WINNER OF THE NAACP IMAGE AWARD
WINNER OF THE CORETTA SCOTT KING AUTHOR AWARD
National Book Award winner Jacqueline Woodson's stirring novel-in-verse explores how a family moves forward when their glory days have passed and the cost of professional sports on Black bodies.
For as long as ZJ can remember, his dad has been everyone's hero. As a charming, talented pro football star, he's as beloved to the neighborhood kids he plays with as he is to his millions of adoring sports fans. But lately life at ZJ's house is anything but charming. His dad is having trouble remembering things and seems to be angry all the time. ZJ's mom explains it's because of all the head injuries his dad sustained during his career. ZJ can understand that--but it doesn't make the sting any less real when his own father forgets his name. As ZJ contemplates his new reality, he has to figure out how to hold on tight to family traditions and recollections of the glory days, all the while wondering what their past amounts to if his father can't remember it. And most importantly, can those happy feelings ever be reclaimed when they are all so busy aching for the past?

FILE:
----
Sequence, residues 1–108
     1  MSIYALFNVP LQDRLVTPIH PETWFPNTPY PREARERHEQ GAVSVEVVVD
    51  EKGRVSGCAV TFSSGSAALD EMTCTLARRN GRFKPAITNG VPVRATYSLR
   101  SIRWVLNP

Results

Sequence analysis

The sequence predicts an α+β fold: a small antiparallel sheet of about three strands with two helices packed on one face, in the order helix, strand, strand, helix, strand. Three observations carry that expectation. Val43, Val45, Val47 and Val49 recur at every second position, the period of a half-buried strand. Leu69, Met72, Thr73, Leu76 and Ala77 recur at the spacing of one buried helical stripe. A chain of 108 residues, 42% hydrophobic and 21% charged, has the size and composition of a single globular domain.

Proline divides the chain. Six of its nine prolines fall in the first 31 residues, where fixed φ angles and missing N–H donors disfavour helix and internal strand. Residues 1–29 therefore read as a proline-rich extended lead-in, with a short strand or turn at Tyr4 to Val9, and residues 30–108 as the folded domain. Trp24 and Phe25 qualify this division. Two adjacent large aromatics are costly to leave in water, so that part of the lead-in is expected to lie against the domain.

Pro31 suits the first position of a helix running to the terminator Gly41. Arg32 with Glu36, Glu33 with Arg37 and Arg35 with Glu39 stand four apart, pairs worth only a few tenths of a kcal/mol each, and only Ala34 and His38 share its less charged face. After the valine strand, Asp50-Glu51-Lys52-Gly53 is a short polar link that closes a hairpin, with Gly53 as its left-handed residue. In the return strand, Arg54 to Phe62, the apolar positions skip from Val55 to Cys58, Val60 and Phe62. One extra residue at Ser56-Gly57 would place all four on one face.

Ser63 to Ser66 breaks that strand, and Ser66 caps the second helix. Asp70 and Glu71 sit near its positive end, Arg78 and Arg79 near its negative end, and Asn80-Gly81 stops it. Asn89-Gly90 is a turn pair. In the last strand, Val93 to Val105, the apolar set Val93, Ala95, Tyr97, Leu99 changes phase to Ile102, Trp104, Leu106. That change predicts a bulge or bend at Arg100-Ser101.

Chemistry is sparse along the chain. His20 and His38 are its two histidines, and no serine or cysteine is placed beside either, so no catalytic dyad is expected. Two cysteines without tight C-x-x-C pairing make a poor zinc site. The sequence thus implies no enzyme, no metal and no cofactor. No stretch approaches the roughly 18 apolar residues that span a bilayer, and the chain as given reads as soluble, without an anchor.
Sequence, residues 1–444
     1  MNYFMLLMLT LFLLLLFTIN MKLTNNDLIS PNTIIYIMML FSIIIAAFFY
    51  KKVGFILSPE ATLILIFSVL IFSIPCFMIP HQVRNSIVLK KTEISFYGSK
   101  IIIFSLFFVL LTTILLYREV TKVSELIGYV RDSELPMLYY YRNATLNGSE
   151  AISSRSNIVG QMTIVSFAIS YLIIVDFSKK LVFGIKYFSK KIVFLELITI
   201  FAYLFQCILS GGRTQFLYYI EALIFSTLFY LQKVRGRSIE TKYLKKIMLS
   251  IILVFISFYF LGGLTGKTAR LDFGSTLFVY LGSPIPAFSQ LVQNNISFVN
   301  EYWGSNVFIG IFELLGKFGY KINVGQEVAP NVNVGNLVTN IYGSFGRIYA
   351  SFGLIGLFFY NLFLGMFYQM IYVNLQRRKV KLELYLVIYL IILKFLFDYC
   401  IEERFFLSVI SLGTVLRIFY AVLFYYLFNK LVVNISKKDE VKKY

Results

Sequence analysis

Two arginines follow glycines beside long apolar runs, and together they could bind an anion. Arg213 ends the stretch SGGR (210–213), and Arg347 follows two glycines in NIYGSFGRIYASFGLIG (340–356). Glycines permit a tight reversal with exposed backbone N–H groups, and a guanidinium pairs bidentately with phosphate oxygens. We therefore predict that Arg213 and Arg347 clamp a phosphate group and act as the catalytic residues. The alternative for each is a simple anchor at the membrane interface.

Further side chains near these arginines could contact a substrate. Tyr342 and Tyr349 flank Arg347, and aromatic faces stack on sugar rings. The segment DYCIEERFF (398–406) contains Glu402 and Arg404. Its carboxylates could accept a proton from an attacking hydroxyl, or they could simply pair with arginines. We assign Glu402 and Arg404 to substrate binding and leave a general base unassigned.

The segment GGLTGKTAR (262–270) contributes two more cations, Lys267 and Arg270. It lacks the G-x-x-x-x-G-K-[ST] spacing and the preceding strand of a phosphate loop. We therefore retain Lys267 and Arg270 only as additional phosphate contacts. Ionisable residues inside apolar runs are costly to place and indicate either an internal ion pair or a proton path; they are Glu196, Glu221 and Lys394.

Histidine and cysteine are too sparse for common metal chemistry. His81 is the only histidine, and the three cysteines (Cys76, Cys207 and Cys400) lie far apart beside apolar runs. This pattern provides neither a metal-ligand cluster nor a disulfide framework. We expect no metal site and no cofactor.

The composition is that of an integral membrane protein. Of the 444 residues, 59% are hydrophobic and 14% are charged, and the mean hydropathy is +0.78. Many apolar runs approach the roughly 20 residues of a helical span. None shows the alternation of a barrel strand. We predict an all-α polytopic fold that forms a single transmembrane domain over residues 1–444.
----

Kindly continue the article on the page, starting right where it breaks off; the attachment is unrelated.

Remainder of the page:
National Book Award winner Woodson (Brown Girl Dreaming) provides a beautiful and heart-wrenching story in her latest middle grade novel. Twelve-year-old Zachariah "ZJ" Johnson Jr.'s pro-football player father has always been hailed as an American hero and a loving husband and father. Slowly, though, he begins to become forgetful and even shout "at people when/ you were never the kind of guy/ to yell before." Starting in 1999, ZJ leads readers on a journey through memories of a time before his father's persistent headaches kept him from playing football, when he still loved music and wrote songs with ZJ, and into the "ever after," when he sometimes forgets even ZJ's name. Eloquent prose poetry creates a moving narrative that reveals the grief of a child trying to understand why his father has changed and why nothing can be done. An ardent account of the multitudes of losses experienced by those who suffer from chronic traumatic encephalopathy and its effects on their families, ZJ's doleful tale unveils the intense nostalgia and hope one can feel despite realizing that sometimes what is lost can never be regained. Ages 10 up.